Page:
Through Alejandro Jodorowsky's autobiographical lens, Endless Poetry narrates the years of the Chilean artist's youth during which he liberated himself from all of his former limitations, from his family, and was introduced into the foremost bohemian artistic circle of 1940s Chile where he met Enrique Lihn, Stella Díaz Varín, Nicanor Parra... at the time promising young but unknown artists who would later become the titans of twentieth-century Hispanic literature. He grew inspired by the beauty of existence alongside these beings, exploring life together, authentically and freely. A tribute to Chile's artistic heritage, Endless Poetry is also an ode to the quest for beauty and inner truth, as a universal force capable of changing one's life forever, written by a man who has dedicated his life and career to creating spiritual and artistic awareness across the globe.Written by
Le Soleil Films
Alejandro leaves his parents and moves in with the two girls in the 1940's. You can see a Terracotta Army sculpture in the corner of his room, but the Terracotta Army was only discovered on 29 March 1974. However, both this and The Dance of Reality have anachronisms on purpose. See more »
a stunning achievement of reminiscence and self-confession
Outré Chilean cult stylist Alejandro Jodorowsky has broken a protracted 23 year hiatus in 2013 with THE DANCE OF REALITY, an autobiographic treatment based on his own memoir, and ENDLESS POETRY is its sequel, in the beginning, departed from his hometown Tocopilla, a teen Alejandro (Herskovits) is transferred to Santiago with his parents Jaime (Brontis Jodorowsky, Alejandro's eldest son in real life) and Sara (Flores), all three continue their roles from TDOR.
Exhorted by his martinetish father to become a doctor, the gawky Alejandro takes a rebellious act in plumping for poetry as an outlet, introduced by his gay cousin Ricardo (Carrasco), he leaves home and stays with a cohort of amateur artists and soon an adult Alejandro (played by musician Adan Jodorowsky, Alejandro's youngest son) meets the avant-garde poetess Stella Díaz Varín (Flores too), overwhelmed by her prowess over his manhood, a wide-eyed Alejandro subjects himself to her whims but eventually thinks better of it (after the taste of forbidden fruit). Later he founds camaraderie in fellow poet Enrique Lihn (Taub), but his over-closeness with the latter's dwarf girlfriend Pequeñita (Avendaño) strains their friendship. Eventually, disaffected by General Carlos Ibáñez's ascension to power, Alejandro bids farewell to his friends and motherland, embarks a trip to Paris before squaring up with Jaime whom he will never meet again, told by his old self (Alejandro in person), a second chance only can be conjured up in its filmic illusion.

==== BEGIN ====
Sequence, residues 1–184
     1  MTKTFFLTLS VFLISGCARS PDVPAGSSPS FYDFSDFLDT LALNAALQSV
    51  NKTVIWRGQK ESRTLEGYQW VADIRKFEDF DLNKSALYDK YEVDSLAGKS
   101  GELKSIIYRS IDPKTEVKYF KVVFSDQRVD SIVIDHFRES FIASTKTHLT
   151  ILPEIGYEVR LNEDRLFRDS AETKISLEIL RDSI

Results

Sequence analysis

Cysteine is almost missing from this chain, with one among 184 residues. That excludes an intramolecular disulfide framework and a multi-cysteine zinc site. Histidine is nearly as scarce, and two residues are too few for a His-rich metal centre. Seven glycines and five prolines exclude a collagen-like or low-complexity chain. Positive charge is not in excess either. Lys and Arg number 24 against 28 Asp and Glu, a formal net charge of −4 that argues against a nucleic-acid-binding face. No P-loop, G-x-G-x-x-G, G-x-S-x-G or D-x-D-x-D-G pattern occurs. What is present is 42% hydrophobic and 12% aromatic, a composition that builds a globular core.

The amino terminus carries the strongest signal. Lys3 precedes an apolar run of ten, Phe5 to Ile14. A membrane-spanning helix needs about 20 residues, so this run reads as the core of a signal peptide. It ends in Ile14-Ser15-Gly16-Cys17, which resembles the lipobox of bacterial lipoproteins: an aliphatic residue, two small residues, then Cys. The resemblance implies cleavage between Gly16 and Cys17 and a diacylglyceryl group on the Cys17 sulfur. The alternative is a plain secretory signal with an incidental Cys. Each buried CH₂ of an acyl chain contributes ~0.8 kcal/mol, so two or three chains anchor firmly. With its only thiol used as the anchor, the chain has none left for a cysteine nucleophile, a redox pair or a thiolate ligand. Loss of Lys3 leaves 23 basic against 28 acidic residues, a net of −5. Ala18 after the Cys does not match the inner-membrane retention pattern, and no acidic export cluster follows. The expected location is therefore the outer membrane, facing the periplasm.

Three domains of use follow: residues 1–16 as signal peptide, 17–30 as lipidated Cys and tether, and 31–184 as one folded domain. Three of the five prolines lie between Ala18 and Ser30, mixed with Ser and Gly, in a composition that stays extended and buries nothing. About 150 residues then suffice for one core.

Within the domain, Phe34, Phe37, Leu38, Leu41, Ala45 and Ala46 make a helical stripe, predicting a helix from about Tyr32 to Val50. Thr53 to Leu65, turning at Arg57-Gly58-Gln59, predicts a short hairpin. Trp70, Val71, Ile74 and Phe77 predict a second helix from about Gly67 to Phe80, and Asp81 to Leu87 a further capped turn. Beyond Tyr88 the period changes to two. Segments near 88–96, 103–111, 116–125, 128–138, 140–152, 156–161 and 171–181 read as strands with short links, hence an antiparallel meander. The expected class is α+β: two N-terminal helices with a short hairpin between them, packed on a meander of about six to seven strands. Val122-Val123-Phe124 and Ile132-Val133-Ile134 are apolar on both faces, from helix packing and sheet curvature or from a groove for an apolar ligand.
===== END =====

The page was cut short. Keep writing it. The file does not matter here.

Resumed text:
First and foremost, the octogenarian maestro still has his outlandish style in check, his trademark magic realism, wedded confidently with an ultra theatrical tableau (that old haunt Cafe Iris, peppered with soporific patrons and senile waiters in its subdued timber), grants his audience a sumptuous feast of chromatic plethora: those varicolored decor, a boisterous shindig, a risqué tarot seance, a devil-cum-death parade, not to mention bold sex exploitation, nothing can curb Mr. Jodorowsky's imagination and recollections, in this sense, the film is a perfect ode to his youth and a left-field Chile of that time. But, yes, there is always a "but", what takes the film's appeal down a peg or two is its relinquishment of mystique, of poetic-ism, of art and of life itself in lieu of visual impact. Its dialog fails to capture the subtlety of words and the film is overtly plain in recounting the vicissitude of incidences, the usage of poetry is self-consciously verbal and evanescent, we are not given enough time to dwell on its connotations before the story rambles on in its episodic reveries.
Adan Jodorowsky's central performance is adequate at best, affable but far from an engrossing raconteur; Brontis Jodorowsky, on the other hand, sometimes falls into unnecessary cothurnus as if his monstrous father figure is not repugnant enough; but it is Pamela Flores, in her magnificent double roles, one as a domestic mother embodied solely by soprano, another is the red-hair, buxom dominatrix, sets the screen ablaze in addition to the Oedipal tie-in.
Admittedly, poetry is always a thorny subject to get its full treatment with cinematic parameters, Jodorowsky's attempt has its benign intention, but doesn't give justice to the soul of poetry, nevertheless, it is still a stunning achievement of reminiscence and self-confession, with this auteur's flourish.
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